Sunday, February 10, 2013

on justification

"Now to the one who works, his wages are not counted as a gift but as his due. And to the one who does not work but trusts him who justifies the ungodly, his faith is counted as righteousness." (Romans 4:4-5 ESV)

What wonderful, freeing, life-giving words these are!  God does not justify the godly, or declare that the good are righteous, but rather, the ungodly.  Through faith we are not made good (though that happens over time, sure enough) but rather we are declared -- by virtue of Christ's precious blood -- to be righteous.  Now and always.  This I believe is an unchanging foundation for the believer to stand upon in his approach to God.  It is also an unending fountain of joy for the Christian.

Martyn Lloyd-Jones makes this truth very practical...

To make it quite practical I have a very simple test. After I have explained the way of Christ to somebody I say “Now, are you ready to say that you are a Christian?” And they hesitate. And then I say, “What’s the matter? Why are you hesitating?” And so often people say, “I don’t feel like I’m good enough yet. I don’t think I’m ready to say I’m a Christian now.”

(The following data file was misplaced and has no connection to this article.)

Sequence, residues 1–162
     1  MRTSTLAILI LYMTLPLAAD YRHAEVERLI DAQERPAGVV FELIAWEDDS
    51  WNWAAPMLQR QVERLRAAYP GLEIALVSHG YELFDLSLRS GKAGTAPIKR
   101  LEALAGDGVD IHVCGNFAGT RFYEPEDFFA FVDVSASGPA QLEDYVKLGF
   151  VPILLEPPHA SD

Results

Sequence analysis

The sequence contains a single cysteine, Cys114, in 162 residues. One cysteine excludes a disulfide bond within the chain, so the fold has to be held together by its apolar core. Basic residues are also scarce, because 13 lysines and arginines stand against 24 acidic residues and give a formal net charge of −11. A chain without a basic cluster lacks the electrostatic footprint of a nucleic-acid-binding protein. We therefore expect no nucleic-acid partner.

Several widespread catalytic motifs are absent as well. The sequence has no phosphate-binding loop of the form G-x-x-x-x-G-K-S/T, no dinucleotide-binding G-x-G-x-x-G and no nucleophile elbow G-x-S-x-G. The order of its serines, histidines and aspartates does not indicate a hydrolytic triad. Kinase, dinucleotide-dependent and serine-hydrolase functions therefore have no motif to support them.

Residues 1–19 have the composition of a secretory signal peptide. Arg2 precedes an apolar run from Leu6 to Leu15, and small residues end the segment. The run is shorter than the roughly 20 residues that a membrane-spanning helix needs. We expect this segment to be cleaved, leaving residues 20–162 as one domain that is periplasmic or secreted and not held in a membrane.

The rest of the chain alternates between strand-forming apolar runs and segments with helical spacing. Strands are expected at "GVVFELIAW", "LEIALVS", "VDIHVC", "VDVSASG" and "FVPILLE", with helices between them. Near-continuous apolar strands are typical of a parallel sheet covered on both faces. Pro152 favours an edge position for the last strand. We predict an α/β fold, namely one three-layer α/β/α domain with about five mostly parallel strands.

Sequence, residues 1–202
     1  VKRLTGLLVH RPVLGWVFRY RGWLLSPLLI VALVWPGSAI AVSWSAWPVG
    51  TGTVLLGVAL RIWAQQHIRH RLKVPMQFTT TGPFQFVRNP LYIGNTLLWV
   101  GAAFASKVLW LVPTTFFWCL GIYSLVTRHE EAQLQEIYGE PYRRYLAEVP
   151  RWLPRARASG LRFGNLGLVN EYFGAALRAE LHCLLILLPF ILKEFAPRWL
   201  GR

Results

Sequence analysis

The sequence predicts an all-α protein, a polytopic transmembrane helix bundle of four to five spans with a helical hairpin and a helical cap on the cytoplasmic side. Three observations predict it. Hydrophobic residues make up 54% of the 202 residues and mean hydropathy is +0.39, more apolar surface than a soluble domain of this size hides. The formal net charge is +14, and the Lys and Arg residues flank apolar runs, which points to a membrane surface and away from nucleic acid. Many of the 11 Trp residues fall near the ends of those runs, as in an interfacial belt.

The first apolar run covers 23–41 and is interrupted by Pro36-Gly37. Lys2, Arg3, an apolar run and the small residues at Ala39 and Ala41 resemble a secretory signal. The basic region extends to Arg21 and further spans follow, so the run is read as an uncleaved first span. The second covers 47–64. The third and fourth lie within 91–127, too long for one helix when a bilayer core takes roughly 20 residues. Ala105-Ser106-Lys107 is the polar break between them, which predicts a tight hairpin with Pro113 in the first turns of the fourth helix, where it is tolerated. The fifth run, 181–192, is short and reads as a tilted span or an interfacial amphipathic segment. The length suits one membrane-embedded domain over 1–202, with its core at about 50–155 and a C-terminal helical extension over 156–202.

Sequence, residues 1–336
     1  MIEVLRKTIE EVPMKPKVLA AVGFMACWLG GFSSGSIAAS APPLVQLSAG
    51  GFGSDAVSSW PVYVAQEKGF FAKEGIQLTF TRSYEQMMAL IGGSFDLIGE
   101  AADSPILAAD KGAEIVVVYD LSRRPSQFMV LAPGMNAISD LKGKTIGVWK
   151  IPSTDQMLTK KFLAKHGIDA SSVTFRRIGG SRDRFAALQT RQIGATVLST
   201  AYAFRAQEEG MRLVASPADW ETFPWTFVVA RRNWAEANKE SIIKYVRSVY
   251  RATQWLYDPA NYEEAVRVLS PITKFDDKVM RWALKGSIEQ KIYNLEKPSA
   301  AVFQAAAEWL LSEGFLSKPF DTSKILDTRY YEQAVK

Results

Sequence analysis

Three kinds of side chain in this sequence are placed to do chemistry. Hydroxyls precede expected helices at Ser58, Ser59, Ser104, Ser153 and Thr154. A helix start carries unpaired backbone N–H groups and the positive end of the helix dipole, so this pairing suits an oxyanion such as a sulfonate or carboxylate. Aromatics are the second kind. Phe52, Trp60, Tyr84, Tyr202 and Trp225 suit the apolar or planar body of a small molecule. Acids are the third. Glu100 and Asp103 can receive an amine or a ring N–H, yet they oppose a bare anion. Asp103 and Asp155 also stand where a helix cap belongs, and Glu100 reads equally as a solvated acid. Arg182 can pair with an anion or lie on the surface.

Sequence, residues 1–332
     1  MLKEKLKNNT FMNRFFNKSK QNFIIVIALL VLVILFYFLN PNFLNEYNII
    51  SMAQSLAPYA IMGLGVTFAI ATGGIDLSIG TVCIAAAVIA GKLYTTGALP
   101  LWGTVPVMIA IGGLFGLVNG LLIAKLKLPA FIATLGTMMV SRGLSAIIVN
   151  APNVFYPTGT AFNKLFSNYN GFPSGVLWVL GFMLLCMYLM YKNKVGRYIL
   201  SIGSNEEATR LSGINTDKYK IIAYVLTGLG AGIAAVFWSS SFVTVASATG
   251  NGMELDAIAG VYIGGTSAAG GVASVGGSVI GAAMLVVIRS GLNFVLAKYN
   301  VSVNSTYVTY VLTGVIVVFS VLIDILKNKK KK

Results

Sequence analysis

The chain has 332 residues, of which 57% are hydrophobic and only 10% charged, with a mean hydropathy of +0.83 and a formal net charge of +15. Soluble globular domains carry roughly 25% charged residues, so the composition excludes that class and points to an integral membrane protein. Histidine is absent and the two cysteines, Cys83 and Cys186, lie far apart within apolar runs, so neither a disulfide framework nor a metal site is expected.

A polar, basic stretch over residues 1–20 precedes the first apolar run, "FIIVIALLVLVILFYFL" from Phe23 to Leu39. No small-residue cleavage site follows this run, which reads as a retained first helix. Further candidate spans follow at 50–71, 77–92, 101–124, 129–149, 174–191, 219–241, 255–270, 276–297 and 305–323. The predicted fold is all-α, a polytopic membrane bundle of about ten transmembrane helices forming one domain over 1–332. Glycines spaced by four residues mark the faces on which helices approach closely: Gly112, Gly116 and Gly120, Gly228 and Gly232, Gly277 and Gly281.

And at once I know that I have been wasting my breath. They are still thinking in terms of themselves. They have to do it. It sounds very modest to say, “Well, I don’t think I’m good enough,” but it’s a very denial of the faith. The very essence of the Christian faith is to say that He is good enough and I am in Him. As long as you go on thinking about yourself like that and saying, “I’m not good enough; Oh, I’m not good enough,” you are denying God – you are denying the gospel – you are denying the very essence of the faith and you will never be happy. You think you’re better at times and then again you will find you are not as good at other times than you thought you were. You will be up and down forever. 

How can I put it plainly? It doesn't matter if you have almost entered into the depths of hell. It does not matter if you are guilty of murder as well as every other vile sin. It does not matter from the standpoint of being justified before God at all. You are no more hopeless than the most moral and respectable person in the world. 

― D. Martyn Lloyd-Jones, Spiritual Depression

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